Voters must agree to start the process by electing freeholders who are tasked with developing an alternative form of government. Anywhere from 15 to 25 freeholders can be elected to draft the proposed charter, which would also later go before the people for a vote.

One Lewis County is recommending 15 freeholders, five for each of the three commissioner districts. The vote to start the home rule process and the freeholder election is tentatively scheduled to be on the February 2018 ballot.

From that point forward, freeholders would draft a proposed charter and then in June would begin to educate and campaign for the charter adoption. The proposed timeline to place the charter on the ballot is August 2018.

The campaign launched today after months of meetings between Chamber members. Those gatherings began prior to the commissioners’ appointment of the Blue Ribbon Task Force, which also looked at ways to make county government run more efficiently. The task force ultimately did not recommend a home rule charter, but did ask commissioners to hire a county manager by the beginning of 2018. 

During meetings with the task force, department heads and other elected officials overwhelming supported hiring a county manager. 

Although Bull said those involved in One Lewis County appreciate the task force’s work, she said the plan did not go far enough. 

“We’re going that next step,” she said. 

The Chamber created a goverment action committee with Coralee Taylor at the helm. It consists of individuals from the Chamber’s executive team. Everyone on the committee is a Chamber member.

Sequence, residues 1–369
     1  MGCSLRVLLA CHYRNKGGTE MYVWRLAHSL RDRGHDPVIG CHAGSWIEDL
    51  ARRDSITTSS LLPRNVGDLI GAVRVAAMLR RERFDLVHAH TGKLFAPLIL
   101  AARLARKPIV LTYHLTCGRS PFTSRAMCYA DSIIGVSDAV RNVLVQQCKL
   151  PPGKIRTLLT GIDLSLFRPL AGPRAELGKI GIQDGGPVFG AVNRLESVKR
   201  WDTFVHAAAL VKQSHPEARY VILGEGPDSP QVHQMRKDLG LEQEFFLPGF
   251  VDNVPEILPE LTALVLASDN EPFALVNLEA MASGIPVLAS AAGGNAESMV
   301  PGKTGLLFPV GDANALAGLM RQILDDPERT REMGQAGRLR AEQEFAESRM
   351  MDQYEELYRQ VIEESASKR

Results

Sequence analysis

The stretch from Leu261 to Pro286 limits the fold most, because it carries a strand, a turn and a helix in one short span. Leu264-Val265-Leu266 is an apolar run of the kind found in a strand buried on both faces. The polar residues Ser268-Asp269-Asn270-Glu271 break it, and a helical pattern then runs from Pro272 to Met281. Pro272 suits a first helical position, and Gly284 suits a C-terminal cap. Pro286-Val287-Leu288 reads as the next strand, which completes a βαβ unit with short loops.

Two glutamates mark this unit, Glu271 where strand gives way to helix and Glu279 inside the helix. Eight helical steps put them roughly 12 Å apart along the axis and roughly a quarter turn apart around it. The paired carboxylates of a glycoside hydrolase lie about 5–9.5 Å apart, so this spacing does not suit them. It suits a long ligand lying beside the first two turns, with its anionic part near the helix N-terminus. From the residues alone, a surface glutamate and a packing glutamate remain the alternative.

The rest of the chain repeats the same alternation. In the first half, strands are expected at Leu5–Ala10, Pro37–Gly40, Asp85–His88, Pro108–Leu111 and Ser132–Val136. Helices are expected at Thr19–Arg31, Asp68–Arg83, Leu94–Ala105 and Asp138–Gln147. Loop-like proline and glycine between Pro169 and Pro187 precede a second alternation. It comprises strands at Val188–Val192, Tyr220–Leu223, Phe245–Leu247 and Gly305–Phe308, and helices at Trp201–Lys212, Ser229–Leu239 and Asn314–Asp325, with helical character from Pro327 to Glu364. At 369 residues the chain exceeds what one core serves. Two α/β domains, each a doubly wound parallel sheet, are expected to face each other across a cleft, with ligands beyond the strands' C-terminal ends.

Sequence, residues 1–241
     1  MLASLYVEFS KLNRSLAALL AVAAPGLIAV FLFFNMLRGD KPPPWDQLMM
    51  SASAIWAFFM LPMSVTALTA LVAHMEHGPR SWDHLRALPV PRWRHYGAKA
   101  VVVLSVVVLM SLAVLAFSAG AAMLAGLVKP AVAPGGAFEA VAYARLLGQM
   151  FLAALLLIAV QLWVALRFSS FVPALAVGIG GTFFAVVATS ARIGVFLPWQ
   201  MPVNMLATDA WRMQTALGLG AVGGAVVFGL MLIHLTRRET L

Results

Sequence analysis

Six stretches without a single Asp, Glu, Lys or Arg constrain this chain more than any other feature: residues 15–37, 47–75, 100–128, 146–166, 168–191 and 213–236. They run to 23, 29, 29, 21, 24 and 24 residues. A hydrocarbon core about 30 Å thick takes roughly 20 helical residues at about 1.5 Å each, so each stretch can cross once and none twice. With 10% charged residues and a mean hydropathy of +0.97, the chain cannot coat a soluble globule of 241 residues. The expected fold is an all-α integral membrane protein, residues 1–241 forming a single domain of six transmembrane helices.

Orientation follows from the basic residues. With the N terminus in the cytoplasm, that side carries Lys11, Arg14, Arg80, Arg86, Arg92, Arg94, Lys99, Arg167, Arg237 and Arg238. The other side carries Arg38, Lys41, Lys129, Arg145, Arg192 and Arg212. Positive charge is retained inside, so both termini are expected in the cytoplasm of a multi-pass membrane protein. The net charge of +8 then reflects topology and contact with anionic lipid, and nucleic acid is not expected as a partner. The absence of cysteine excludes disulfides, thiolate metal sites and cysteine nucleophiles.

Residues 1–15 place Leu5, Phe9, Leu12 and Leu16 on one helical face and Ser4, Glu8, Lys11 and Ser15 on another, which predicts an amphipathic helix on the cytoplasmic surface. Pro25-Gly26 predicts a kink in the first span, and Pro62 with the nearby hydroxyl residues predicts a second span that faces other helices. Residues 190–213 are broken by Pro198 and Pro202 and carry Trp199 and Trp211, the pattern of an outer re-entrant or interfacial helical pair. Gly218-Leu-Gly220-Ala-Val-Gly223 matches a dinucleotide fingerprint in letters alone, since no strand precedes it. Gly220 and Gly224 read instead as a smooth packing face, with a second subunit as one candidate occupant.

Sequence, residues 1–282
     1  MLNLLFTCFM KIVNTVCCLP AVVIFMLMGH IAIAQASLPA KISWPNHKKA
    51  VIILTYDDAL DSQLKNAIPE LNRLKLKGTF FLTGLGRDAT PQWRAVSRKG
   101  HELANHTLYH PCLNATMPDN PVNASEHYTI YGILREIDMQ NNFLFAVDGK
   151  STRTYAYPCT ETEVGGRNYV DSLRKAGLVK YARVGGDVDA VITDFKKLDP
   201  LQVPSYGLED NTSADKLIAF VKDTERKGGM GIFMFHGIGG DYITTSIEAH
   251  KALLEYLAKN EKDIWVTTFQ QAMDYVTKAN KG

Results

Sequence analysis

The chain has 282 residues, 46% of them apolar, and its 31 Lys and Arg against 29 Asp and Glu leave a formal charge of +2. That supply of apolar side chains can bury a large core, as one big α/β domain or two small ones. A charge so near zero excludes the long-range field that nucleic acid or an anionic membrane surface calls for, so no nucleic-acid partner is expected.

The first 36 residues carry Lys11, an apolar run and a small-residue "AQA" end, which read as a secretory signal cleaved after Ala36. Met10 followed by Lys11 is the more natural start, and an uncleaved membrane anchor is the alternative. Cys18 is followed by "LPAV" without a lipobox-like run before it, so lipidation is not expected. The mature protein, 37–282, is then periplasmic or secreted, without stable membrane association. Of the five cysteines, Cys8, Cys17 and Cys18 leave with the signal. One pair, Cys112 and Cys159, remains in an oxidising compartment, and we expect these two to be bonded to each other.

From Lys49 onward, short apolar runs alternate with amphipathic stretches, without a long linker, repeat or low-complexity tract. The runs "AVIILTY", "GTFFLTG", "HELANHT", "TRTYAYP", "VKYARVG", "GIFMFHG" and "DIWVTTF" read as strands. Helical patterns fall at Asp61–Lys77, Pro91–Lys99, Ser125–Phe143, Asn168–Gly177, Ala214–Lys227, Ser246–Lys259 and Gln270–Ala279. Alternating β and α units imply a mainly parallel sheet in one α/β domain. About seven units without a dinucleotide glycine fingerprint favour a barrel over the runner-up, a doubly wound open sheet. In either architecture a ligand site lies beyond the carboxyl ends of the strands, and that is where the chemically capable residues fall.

The task force’s recommendation to not pursue the home rule charter was deemed unsatisfactory by the group because the approach was not budget neutral, it did not increase representation around the county, the voters did not have a say in the process and the issue of having three highly-paid commissioners remains.

Since a quorum of the three commissioners consist of two individuals, Bull said they are not able to discuss important county matters without holding a public meeting. 

“It’s very important to let them communicate together at some level,” she said, adding that the new form of government would allow them to do that. 

The government action committee has created a political action committee. The Chamber deposited $15,000 into the account to start the campaign, but Bull said it will take more than that. None of the money comes from Chamber dues, she said. 

The need to change the form of government came from Chamber members, Bull said. 

“There isn’t a day that goes by that I don’t have someone approach me with concerns in regards to our county government and how it is being run,” she said in a statement. “Our members have concerns about the lack of leadership and decisions coming from the county commissioners.”